On Wednesday morning, after a night’s sleep that was more than occasionally interrupted by Halloween fireworks, I found a blackened, burnt-out skyrocket on my lawn.
The defunct firework, soaked in rain, triggered an unnervingly painful memory from my Enniskillen childhood, though it was an insignificant recollection that sinks under an endless sea of emotion as the 30th Anniversary of the Remembrance Day bomb approaches.
As a young journalist I reported from my hometown on Sunday 8 November 1987 when an I.R.A. bomb killed 11 people and left more than 60 people injured.
A twelfth man remained in a coma for 13 years before succumbing to his injuries.
As every Remembrance Sunday draws near I recall driving urgently from Belfast to Enniskillen to ‘cover’ the tragedy, unaware that I’d be reporting on more than a few of my local friends and acquaintances.
For a moment, Wednesday morning brought hugely different memories.
On Halloween night in 1960, dressed-up as Pluto, Walt Disney’s cartoon-dog, I tricked and treated with my little neighbourhood chums.
Due to unforgivable childhood stupidity I held a skyrocket in my hand, keen to observe close-up what was meant to happen in the sky!
And I held a painfully large burn in the palm of my hand for several weeks thereafter!
Wednesday’s damp squib brought sweeter reminiscences as well, of a rural neighbourhood on the edge of Enniskillen that was our all-year-round playground, but was also the profound facilitator of our collective future.
It was a small triangular portion of the town, inside the elbow of two main roads, which I described recently in a compilation of stories about the town.
The aerial photo from the book - Enniskillen In the Rare Ould Times - was taken in 1949.
Roamer’s family home is one of the row of white houses tucked into the bottom right-hand corner of the picture.
The roadway at the front of the houses divided us from a former American WWII army camp with its remaining line of curved-roof Nissan huts and several rows of unoccupied concrete foundations where other huts had been removed.
This was where General Eisenhower addressed his GIs in May 1944 prior to the Normandy Landings.
Wickham Drive, the tall terrace of three storey dwellings towards the top of the picture, was occupied solely by RUC officers and their families.
Two little boys from Wickham Drive were amongst my dressed-up chums on Halloween night in 1960.
They also played games with me amongst the Nissan huts in the old army camp though Raymond preferred to tinker with his beloved bicycles and Billy loved his stamp collection.
The two lads grew up and followed their fathers’ footsteps into the RUC.
Both were shot dead by the IRA.
Some of the ex-US Army Nissan huts were occupied by local families who’d moved in after the war.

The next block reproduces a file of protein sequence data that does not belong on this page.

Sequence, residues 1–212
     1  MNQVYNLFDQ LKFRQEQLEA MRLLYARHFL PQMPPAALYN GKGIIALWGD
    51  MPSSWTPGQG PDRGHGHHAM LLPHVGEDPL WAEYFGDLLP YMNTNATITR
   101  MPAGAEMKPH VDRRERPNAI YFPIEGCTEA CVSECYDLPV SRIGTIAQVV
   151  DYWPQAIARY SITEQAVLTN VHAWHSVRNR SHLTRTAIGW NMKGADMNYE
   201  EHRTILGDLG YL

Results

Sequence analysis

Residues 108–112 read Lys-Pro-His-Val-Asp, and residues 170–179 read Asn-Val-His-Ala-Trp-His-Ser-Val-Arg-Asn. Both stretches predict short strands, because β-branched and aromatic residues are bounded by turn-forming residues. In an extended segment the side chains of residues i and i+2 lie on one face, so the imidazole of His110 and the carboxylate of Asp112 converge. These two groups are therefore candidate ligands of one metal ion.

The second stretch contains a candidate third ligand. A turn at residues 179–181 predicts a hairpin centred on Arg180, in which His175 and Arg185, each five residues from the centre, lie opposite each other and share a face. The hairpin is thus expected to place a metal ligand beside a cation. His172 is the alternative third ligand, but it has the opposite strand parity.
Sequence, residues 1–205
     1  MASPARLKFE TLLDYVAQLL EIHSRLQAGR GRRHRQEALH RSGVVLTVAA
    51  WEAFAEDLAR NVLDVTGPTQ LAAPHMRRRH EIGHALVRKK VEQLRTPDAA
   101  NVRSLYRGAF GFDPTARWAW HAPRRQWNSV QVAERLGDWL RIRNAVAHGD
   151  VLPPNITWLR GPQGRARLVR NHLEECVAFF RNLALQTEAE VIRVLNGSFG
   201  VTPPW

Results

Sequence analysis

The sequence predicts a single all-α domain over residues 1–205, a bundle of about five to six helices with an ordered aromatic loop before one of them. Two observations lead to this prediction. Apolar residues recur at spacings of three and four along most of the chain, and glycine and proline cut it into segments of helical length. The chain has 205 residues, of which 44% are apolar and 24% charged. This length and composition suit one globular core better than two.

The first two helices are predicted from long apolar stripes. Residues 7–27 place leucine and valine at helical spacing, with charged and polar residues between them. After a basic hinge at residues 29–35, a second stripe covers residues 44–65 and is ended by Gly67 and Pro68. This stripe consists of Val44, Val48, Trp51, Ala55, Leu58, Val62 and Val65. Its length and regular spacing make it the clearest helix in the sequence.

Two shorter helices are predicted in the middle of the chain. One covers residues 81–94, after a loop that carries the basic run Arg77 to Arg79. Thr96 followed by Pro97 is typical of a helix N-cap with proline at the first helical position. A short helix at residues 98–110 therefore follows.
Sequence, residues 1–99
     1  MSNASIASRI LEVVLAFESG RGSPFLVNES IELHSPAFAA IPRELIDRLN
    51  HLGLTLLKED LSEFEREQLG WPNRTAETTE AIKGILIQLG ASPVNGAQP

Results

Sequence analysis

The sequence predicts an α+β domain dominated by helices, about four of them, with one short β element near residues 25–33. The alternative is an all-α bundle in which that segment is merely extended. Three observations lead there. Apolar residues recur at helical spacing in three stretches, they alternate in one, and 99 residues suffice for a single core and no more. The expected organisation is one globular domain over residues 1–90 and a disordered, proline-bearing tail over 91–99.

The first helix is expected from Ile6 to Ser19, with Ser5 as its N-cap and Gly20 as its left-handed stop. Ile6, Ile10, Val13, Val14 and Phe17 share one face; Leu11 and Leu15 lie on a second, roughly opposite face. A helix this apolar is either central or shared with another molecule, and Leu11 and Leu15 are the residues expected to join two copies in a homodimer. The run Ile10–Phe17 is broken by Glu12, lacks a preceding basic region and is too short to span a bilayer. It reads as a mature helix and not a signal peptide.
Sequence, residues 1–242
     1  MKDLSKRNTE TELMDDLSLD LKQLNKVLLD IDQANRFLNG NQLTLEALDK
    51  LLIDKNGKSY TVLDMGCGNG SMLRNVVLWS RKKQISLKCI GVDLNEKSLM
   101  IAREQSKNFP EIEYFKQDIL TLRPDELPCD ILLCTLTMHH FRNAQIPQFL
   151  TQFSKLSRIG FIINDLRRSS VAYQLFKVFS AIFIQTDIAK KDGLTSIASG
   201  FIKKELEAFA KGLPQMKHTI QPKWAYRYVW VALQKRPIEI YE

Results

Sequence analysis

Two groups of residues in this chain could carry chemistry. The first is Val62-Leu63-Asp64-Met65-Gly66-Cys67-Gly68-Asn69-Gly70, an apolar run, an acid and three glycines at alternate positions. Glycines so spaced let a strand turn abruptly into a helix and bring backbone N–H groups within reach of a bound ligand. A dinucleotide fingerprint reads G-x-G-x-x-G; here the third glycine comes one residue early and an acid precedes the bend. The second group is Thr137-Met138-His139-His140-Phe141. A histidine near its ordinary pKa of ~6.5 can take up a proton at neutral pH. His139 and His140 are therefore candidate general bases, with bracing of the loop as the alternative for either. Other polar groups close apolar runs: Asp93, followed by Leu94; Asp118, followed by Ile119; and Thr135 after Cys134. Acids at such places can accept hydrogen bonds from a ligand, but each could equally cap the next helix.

Piles of old breeze blocks and warped sections of tin in the camp, along with discarded wooden rafters, military fittings and fixtures and remnants of furniture, offered endless fun as a full-scale, real-life ‘legoland’!
We built all kinds of huts and forts and more than occasionally unearthed tattered maps and disintegrated documents - plans for D-Day!?
The Model School - the large buildings and open space in the middle of the picture - provided an early and excellent education…and the smooth-surfaced tarmacadam playground was ideal for all-weather roller-skating.
It offered firm footing too for little girls’ skipping ropes, rhythmically thumping the ground under dizzyingly-fast footwork.
My first day in my first classroom was under the watchful eye of a teacher who barely had time to enrol me before I dashed back home at the first available opportunity!
With my mother’s firm persuasion and my teacher’s sensitive encouragement the little run-away returned and sat weeping unhappily at a tiny desk.
Another little pupil called Joe lent me his plastic toy-train to alleviate my wails of despair and soon I was joining in the lessons, relatively tearlessly!
There were wooden easels with jam jars of coloured paint which we liberally spread on large sheets of paper (and on each other) with thick-bristled paint brushes.
We were painting ‘portraits’ of each other - Mr Men lookalikes with legs and arms protruding from heads without bodies!
Then it dawned on me.
Suddenly and memorably I realised that a human head is on top of a neck, and the legs and arms are lower down, attached to a body!
It was truly a magic moment of discovery.
So was the night my father pointed to the clear, black sky above our house, populated by countless millions of stars and galaxies, and told me about infinity.
One day an old man died in a house nearby.
Though I didn’t know him, nor any of his family, I knocked on their front door asked to see the body - within an hour of his passing away!
I bore no words of comfort and offered no grieving handshake, just an innocent smile.
“Can I see him please?” was the height of my childhood empathy.
They brought me into the house and I stood looking at the body.
The family had to usher me out or I’d have stayed there all day!
I’d never seen a corpse before and am forever grateful that unknown neighbours so readily allowed a youngster to infringe on their grief.
One of many memories, happy and sad, sparked off - amazingly - by a damp squib!